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Photo by Todd Quackenbush via Unsplash

If you code, you probably use a terminal emulator. Maybe you build docker images with docker build, explore a database with mysql or manage cloud infrastructure with aws or gcloud.

Sometimes you want to use these utilities in a Python script. This can be done using the subprocess module. For example,

docker run hello-world

becomes

This works just fine, but there is another way. The Docker SDK for Python achieves the same result with:

And it’s not just Docker:


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Photo by chuttersnap on Unsplash

Why is it that I can move the mouse pointer on my computer while watching a movie? Or open an email while on a video call? Even in the days when CPUs were single core, computers were seemingly able to manage all sorts of tasks at the same time. Yet every task — even just moving the mouse — requires some CPU time, and single core CPUs can only do one thing at a time.

The answer is that CPUs are so unimaginably fast that even though two things can’t actually happen at the same time, it is possible to give the impression that they do. …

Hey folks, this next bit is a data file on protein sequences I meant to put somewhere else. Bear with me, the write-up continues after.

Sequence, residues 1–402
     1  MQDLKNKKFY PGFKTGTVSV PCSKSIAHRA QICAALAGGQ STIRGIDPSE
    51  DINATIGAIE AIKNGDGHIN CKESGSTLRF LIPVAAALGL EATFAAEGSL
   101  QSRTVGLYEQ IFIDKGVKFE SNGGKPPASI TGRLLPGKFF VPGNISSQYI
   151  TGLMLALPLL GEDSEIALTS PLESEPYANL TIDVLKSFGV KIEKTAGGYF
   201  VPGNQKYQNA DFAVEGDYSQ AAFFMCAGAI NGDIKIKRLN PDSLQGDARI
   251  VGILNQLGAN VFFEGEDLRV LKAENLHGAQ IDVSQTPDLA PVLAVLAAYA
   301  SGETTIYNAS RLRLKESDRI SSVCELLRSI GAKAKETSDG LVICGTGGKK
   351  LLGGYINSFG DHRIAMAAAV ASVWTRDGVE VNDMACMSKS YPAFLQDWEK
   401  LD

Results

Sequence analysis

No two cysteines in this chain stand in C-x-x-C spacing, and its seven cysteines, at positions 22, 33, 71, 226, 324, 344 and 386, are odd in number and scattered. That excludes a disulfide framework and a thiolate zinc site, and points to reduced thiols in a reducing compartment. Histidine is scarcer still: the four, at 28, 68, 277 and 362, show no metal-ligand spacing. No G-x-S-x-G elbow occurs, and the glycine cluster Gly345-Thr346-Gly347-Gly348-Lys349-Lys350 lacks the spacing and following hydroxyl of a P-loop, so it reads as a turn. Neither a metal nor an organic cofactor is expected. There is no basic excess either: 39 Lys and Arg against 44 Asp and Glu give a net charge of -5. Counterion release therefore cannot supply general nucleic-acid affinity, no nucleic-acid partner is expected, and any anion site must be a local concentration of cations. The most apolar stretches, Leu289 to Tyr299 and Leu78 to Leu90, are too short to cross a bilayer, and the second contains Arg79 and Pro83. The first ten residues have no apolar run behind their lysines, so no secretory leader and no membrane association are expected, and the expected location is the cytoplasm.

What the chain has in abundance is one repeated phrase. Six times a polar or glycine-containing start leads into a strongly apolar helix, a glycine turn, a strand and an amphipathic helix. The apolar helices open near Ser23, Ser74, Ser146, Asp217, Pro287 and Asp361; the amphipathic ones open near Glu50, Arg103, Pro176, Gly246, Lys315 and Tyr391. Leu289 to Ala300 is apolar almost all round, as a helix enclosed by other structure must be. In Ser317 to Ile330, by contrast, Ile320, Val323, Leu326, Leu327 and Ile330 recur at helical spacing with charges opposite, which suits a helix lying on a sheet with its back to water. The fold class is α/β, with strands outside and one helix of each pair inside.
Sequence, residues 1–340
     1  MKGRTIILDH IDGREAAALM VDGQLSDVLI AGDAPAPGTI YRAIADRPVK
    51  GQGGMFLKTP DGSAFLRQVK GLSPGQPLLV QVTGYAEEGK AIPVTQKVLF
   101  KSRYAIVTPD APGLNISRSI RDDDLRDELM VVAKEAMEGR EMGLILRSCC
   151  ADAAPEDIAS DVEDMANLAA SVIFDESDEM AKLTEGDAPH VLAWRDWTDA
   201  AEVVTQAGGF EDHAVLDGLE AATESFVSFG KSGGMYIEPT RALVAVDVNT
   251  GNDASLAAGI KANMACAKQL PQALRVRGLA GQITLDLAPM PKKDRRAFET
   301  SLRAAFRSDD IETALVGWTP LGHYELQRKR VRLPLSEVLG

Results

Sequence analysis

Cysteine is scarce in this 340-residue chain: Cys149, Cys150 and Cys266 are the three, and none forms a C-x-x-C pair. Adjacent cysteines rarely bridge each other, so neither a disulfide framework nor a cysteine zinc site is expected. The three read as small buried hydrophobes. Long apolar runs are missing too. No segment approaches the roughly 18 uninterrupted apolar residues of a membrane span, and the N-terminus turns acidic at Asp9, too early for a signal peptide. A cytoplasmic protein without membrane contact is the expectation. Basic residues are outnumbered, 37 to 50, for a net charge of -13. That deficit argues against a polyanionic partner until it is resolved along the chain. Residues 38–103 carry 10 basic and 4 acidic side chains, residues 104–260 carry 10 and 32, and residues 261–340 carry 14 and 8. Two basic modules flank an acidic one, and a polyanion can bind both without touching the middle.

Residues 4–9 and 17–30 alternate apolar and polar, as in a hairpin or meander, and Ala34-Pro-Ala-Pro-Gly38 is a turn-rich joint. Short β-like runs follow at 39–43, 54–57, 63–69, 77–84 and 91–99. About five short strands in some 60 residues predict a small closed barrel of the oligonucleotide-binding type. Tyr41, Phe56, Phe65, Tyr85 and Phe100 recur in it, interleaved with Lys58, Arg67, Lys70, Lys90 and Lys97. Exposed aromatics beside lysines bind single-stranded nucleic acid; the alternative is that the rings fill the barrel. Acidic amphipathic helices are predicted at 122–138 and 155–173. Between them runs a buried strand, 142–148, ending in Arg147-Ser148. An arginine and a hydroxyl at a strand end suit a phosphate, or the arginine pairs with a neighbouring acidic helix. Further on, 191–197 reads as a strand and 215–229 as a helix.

At school most of us study three measures of centrality for dataset: the mean, the median and the mode. Given the dataset 1, 1, 4, 12, 20:

  • The mean is (1+1+4+12+20)/6 = 7.6;
  • The median is the middle — in this case, third — element, which is 4;
  • The mode is the most frequently occurring element, which is 1.

When I learned about the mean, it needed no further explanation. As a measure of the centre of a dataset, it felt intuitive.

The motivations behind the median and the mode were more hazy. I understood them well enough for year end tests, but I wasn’t convinced of their utility in the real world. The trouble with the median is that if I change that 20 to 2,000, the median wouldn’t even care. This felt most unsatisfactory. The mode is even worse. It doesn’t tell you anything about the dataset as a whole — it just obsesses over one element that happens to occur more than the others. …


A great thing about Python is how easy it is to throw together a quick automation script. It is empowering to be able to build a tool tailored to whatever task you happen to have.

Many developers write such scripts for their personal use, but sometimes it is desirable to share these: distribute them to your team, to everyone in your organisation or even open source them.

But there are some difficulties associated with this:

  • While you were happy to deal with exceptions and tracebacks directly, other users need friendly error handling.
  • You don’t know what operating system and Python version your users have. …

About

Jacob Unna

Software Engineer @ Deloitte Analytics & Cognitive

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